Swiss Get FTTH

What would be interesting to know is how St. Gallen funded the effort and whether they hope to break-even or make money.  Seven different service providers will certainly keep Swisscom on their toes.  It would also be interesting to know how much they are charging for dark-fiber or bandwidth.

ALTDORF, Switzerland — Early this year the town of St Gallen launched its new fibre-optic network. In March the public utility company switched on the first connections in the quarter Im Vogelherd. Thanks to Fibre-to-the-Home (FTTH), residents in around 1000 homes and many businesses now have faster, more extensive access to the internet, TV and telephony (Triple Play), and to many additional services offered by seven providers.

Over the next few years, around 6300 homes and 700 businesses will be connected to the new fibre-optic network each year. The St Gallen public utility company and the installation companies involved have been deploying large amounts of special cables and FTTH connection boxes from Daetwyler Cables – and will continue to do so.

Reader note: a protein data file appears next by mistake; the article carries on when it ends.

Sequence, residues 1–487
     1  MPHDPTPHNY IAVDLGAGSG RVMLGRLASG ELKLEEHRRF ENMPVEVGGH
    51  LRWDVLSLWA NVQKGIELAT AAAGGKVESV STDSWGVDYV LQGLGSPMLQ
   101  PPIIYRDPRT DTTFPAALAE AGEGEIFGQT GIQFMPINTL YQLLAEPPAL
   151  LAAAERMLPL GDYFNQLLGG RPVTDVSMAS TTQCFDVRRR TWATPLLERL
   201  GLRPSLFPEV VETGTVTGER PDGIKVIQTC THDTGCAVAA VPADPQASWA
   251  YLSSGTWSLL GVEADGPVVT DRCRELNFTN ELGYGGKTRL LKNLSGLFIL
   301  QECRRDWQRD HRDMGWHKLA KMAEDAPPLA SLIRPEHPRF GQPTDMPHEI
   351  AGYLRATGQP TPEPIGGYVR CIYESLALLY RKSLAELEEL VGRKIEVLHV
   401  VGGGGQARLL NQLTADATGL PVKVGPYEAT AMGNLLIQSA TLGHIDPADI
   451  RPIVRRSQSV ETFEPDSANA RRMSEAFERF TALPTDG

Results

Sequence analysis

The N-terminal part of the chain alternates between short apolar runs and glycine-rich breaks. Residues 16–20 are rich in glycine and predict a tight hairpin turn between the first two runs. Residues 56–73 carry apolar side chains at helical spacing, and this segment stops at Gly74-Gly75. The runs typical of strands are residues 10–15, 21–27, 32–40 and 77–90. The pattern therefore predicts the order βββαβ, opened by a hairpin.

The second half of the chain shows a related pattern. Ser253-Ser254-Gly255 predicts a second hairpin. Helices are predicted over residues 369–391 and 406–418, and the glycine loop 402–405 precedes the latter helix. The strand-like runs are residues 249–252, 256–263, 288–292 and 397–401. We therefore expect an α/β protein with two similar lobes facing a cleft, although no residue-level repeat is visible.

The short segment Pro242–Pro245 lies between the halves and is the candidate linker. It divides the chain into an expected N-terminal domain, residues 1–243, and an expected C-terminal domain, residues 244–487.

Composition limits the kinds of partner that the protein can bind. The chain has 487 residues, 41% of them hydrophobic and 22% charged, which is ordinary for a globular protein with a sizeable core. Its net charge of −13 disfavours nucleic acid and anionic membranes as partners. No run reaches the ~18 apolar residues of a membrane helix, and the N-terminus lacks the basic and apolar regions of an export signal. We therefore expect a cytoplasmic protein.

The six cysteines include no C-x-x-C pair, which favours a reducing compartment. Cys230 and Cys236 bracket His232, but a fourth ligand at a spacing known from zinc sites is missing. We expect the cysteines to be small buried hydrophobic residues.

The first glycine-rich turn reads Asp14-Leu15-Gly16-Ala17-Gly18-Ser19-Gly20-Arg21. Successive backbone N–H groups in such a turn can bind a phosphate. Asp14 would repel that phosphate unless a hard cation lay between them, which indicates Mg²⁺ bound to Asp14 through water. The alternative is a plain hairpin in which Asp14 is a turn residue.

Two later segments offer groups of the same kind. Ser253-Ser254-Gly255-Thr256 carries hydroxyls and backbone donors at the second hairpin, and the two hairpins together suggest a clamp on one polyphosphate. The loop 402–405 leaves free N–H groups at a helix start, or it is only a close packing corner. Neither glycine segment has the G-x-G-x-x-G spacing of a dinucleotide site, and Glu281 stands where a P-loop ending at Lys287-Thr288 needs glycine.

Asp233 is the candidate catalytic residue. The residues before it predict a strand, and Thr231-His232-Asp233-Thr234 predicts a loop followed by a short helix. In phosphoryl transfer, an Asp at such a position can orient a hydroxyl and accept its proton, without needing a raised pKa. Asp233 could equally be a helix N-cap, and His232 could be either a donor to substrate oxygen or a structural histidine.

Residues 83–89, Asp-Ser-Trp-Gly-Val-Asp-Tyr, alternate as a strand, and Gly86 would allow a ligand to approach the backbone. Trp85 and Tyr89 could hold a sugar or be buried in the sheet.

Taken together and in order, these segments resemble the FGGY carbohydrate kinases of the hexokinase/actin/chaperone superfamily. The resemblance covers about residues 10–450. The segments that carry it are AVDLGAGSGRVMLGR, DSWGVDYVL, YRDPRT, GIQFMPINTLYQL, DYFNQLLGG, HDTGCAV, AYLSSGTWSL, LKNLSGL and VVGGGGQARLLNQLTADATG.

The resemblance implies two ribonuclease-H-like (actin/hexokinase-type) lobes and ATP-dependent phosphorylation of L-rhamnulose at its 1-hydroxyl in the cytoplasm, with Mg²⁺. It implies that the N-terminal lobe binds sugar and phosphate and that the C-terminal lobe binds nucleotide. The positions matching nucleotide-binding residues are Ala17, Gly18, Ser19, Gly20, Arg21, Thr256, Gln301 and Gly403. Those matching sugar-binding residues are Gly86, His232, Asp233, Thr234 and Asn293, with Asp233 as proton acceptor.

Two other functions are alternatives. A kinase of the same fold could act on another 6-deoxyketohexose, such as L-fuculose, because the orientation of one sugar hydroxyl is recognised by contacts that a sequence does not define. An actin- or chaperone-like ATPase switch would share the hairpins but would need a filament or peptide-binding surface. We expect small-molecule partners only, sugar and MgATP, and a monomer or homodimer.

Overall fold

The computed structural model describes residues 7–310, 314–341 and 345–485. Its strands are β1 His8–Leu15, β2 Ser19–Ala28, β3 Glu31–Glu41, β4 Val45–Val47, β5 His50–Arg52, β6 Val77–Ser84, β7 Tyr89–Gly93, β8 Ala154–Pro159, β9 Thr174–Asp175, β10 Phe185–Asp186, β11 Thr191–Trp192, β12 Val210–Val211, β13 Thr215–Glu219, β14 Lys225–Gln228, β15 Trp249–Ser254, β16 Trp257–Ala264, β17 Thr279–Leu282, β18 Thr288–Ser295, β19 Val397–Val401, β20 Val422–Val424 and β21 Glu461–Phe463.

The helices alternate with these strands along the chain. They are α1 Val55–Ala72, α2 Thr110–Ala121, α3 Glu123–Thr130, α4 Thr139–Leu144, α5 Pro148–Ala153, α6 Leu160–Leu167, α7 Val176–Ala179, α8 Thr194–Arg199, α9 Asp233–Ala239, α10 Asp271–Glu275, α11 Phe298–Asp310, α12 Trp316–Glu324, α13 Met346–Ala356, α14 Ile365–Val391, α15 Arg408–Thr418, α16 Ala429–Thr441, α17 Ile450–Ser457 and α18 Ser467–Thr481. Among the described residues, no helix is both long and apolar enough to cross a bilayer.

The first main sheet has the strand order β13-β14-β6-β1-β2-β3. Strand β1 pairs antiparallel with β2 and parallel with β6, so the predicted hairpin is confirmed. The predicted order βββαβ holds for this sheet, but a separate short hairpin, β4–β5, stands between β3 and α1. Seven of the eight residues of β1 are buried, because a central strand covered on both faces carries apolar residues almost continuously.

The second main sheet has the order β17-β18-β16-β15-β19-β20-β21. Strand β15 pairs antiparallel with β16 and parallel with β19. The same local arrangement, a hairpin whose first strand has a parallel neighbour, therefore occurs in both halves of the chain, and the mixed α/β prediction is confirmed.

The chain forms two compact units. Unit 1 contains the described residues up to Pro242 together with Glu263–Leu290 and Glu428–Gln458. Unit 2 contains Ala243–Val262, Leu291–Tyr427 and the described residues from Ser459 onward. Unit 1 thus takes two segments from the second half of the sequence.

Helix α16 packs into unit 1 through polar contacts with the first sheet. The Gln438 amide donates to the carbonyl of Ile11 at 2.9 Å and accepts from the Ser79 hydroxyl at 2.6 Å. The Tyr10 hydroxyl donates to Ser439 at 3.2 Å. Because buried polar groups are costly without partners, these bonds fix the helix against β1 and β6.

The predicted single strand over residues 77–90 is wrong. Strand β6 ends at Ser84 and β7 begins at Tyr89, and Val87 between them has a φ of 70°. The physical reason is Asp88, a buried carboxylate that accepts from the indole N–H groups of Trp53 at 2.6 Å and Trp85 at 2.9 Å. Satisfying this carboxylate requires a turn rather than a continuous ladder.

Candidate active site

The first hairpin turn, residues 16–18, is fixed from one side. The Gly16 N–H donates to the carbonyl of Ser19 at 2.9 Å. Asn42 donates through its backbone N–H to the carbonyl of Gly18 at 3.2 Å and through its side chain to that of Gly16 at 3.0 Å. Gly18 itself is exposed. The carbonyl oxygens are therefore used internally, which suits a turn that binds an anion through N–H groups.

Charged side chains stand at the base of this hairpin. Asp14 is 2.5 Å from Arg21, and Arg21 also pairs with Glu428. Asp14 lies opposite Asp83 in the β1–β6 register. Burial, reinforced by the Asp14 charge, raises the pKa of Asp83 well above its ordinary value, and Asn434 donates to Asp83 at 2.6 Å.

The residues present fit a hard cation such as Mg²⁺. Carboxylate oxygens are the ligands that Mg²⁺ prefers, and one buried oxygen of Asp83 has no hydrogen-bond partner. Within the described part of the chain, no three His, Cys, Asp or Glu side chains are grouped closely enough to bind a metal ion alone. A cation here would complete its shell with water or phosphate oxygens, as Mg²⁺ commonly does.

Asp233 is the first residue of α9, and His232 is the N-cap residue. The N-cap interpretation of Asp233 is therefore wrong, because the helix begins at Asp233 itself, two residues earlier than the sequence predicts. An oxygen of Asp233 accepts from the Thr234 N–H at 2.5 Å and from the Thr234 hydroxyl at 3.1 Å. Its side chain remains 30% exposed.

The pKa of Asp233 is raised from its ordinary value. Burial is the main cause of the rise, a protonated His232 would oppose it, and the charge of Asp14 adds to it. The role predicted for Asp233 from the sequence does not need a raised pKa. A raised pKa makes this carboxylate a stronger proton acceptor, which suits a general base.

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About Mark Milliman

Mark Milliman is a Principal Consultant at Inphotonics Research driving the adoption and assisting local governments to plan, build, operate, and lease access open-access municipal broadband networks. Additionally, he works with entrepreneurs and venture capitalists to increase the value of their intellectual capital through the creation of strategic product plans and execution of innovative marketing strategies. With more than 22 years of experience in the telecommunications industry that began at AT&T Bell Laboratories, Mark has built fiber, cable, and wireless networks around the world to deliver voice, video, and data services. His thorough knowledge of all aspects of service delivery from content creation to the design, operation, and management of the network is utilized by carriers and equipment manufacturers. Mark conceived and developed one of the industry's first multi-service provisioning platform and is multiple patent holder. He is active in the IEEE as a senior member. Mark received his B.S. in Electrical Engineering from Iowa State University and M.S. in Electrical Engineering from Carnegie Mellon University.
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